Clear across campus from marbled, elegant Bancroft Hall, home of "The Brigade" at the Naval Academy, sits Halsey Fieldhouse. An ugly contradiction to the rest of the campus, it's the prettiest thing the basketball Midshipmen have ever seen.
A break from "The Life," it's where they can slip out of their uniforms and blithely defeat yet another civilian team, taking pleasure in steps that for once aren't measured.
After a couple of unthinking hours, they climb back into their Naval garb, stare longingly at a passing pair of blue jeans and pick up the cadenced steps once again. Once again, they have disproved the notion that Navy can't play the street game.
"Everybody likes to see the good guys win," said Navy forward Kylor Whitaker. "Not that we're good guys."
Navy's basketball team is good enough to be 20-4 overall, 11-2 in the Eastern College Athletic Conference South. The Midshipmen have become a disciplined running team, a force on the boards and strong enough inside to hold their own with almost anyone. After years of ridicule and a 24-8 record last season that was ignored by the NCAA and NIT, Navy finally is getting a little notice, and the Midshipmen like it.
"It goes back to our reputation," reserve forward Carl Liebert said. "A bunch of 6-6 white guys who hustle and scrap, but nothing fancy. They'll win some close ones but they won't ever be a national power. We've never gotten the publicity. But now word is starting to get out."
Navy will play Army Saturday at 3:30 p.m. in a game that is a sellout. The team has stirred up the Brigade in a way that only the football team had been able to do.
The main cause of excitement is David Robinson, a very atypical Navy center who is 6 feet 11 and black. He is averaging 23.9 points and 11 rebounds, and doughnut holes are passed out free for every one of his dunks, of which there are many.
He has lots of help. Junior forward Vernon Butler, a thick-skinned, blue-collar workhorse, set Navy's career rebounding record this season and is averaging 9.8 a game along with 18.5 points. Whitaker, also a junior, provides the finesse outside, averaging 13.8 points. In the back court are Cliff Rees and Doug Wojcik, slow guards who make up for it with enthusiasm. Rees, a freshman, averages 9.3 points and Wojcik, a sophomore, is 13th in the country in assists (7.1).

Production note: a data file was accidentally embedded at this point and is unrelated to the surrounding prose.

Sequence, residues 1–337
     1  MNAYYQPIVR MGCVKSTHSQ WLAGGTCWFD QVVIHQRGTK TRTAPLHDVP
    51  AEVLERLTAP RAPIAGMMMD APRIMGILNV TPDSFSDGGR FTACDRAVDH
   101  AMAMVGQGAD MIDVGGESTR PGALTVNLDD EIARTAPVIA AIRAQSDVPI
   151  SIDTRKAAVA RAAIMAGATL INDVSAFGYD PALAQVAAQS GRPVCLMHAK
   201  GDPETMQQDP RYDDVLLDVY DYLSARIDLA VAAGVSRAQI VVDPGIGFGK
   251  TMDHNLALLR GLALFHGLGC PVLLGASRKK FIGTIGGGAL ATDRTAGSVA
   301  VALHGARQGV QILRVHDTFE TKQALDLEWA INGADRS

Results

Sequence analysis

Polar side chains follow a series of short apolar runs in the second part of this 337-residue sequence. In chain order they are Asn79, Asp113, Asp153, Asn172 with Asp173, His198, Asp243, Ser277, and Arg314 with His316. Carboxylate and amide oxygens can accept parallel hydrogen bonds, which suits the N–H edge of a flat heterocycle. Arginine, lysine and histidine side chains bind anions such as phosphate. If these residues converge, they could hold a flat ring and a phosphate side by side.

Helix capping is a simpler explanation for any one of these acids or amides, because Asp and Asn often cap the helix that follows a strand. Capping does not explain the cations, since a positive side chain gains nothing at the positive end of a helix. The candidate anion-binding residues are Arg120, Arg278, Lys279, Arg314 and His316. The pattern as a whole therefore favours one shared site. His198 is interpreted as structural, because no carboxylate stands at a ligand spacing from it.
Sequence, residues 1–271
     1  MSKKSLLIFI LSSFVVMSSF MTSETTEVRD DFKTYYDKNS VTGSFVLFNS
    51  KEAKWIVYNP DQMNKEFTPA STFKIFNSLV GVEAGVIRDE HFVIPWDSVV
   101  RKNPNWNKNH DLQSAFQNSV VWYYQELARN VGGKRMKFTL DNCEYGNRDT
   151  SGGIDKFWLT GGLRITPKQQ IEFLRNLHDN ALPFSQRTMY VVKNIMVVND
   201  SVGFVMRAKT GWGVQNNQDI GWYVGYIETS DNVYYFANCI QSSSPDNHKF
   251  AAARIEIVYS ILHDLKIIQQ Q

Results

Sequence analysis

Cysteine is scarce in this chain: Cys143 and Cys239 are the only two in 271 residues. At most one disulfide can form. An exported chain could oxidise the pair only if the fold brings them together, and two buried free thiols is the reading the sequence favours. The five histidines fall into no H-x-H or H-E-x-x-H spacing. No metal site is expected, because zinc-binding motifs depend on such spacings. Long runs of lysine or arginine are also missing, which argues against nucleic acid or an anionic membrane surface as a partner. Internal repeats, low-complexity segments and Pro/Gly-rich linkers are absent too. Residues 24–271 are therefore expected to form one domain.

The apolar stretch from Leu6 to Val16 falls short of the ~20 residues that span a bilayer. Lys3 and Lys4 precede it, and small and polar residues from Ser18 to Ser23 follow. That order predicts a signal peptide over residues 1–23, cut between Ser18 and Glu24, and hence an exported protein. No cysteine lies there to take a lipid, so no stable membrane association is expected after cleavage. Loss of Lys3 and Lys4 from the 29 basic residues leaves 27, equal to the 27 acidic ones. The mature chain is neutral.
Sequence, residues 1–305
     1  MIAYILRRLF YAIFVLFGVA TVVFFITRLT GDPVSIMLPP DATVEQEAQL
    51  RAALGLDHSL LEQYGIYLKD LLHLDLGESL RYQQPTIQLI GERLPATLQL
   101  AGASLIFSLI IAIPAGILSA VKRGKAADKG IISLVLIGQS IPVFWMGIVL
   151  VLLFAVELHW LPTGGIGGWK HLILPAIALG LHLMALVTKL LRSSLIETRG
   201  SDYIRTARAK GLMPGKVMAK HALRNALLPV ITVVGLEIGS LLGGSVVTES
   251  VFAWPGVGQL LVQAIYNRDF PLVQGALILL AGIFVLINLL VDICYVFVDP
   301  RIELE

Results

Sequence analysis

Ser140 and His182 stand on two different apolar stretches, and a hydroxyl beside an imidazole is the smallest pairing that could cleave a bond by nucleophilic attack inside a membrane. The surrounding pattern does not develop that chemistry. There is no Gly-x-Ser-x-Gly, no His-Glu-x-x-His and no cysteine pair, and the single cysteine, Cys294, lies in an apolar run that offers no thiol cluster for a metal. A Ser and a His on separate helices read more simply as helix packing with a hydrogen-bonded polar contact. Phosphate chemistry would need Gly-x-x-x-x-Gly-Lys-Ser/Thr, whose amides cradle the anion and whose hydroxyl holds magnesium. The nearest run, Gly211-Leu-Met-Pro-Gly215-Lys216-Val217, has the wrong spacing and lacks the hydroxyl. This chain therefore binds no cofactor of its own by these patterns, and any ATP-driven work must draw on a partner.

Navy does nothing particularly fancy, yet averages 78.8 points. The Midshipmen are second in the country in field goal percentage defense (41 percent) with a harassing zone, and third in field goal shooting (54 percent). Chances are good they will make their first NCAA tournament appearance in 25 years.
Stop any midshipman on campus and he'll tell you the same thing.
"You have to want the Academy," said Whitaker.
That's the problem with putting together a Navy basketball team, and what makes the Midshipmen so surprising in a year when they lost three starters and a top reserve from last season's team, the most successful ever in service academy history. In addition, blue-chip sophomore forward Rob Johnstone tired of "The Life" and went home to Connecticut.
It's a permanent hazard for Coach Paul Evans, but one he has come to ignore, and accept. In his fourth year at Navy, he has broken the old rules and more than occasionally gone after the all-star players usually sought by the top basketball schools.
Robinson was not highly sought after at Osbourn Park High School in Manassas. He was more scholar than athlete, scoring in the 1300s on his college boards, and grew from 6-8 to 6-11 in his first year in Annapolis. He now is one of the best centers in the country.
"You have to eliminate a lot of people from recruiting," Evans said, "but you can sell them something that's real, you don't have to lie. You can tell them that 40 years later they'll have it made, no matter what happens."
Evans' main problem is getting the undivided attention of players more worried about engineering class than pivots. They are constantly tired, distracted and behind in class. There are no easy slides for Navy athletes.
"We keep it simple so there isn't that much to learn," Evans said. "You don't have the time here you might have someplace else. They don't come to practice with basketball on their minds. They're worried about a test, or they're behind.
" . . . For most of them, this a release. People are yelling at them all day. They don't want that here."
Evans lately has been faced with another problem. There is talk that he is in some danger of losing Robinson, a sophomore, who will have to decide later this year if he wants to remain at the Academy and serve the required five years in the Navy or transfer to a regular four-year college in hopes of a shot at the NBA. Robinson, the son of a career Navy man, took up basketball only two years ago. All he ever wanted to do was go to the Academy.
"It's got to be one of the hardest jobs in the world here," Robinson said. "The basketball kills your studying, but it's a chance to get away. You try to balance it, but you don't have a lot of time to think. In the Hall, there's a feeling that you always have to be busy. On a road trip, you can relax in the hotel and watch TV, do things that everybody in the real world takes for granted."
Robinson says he is leaning toward staying. The grades are coming a little easier -- he has a 3.22 average and has switched his major from systems to mathematics. He also likes that his father Ambrose, a 20-year sonar technician, can go to almost every game and take his family with him.
"I know he can handle it, because he had it as tough at home with me as he will anywhere," Ambrose Robinson said. "I always told him, whatever you see in life that you want to do, you can do it. Never say to me, 'I don't know, I don't want to, or I can't.' "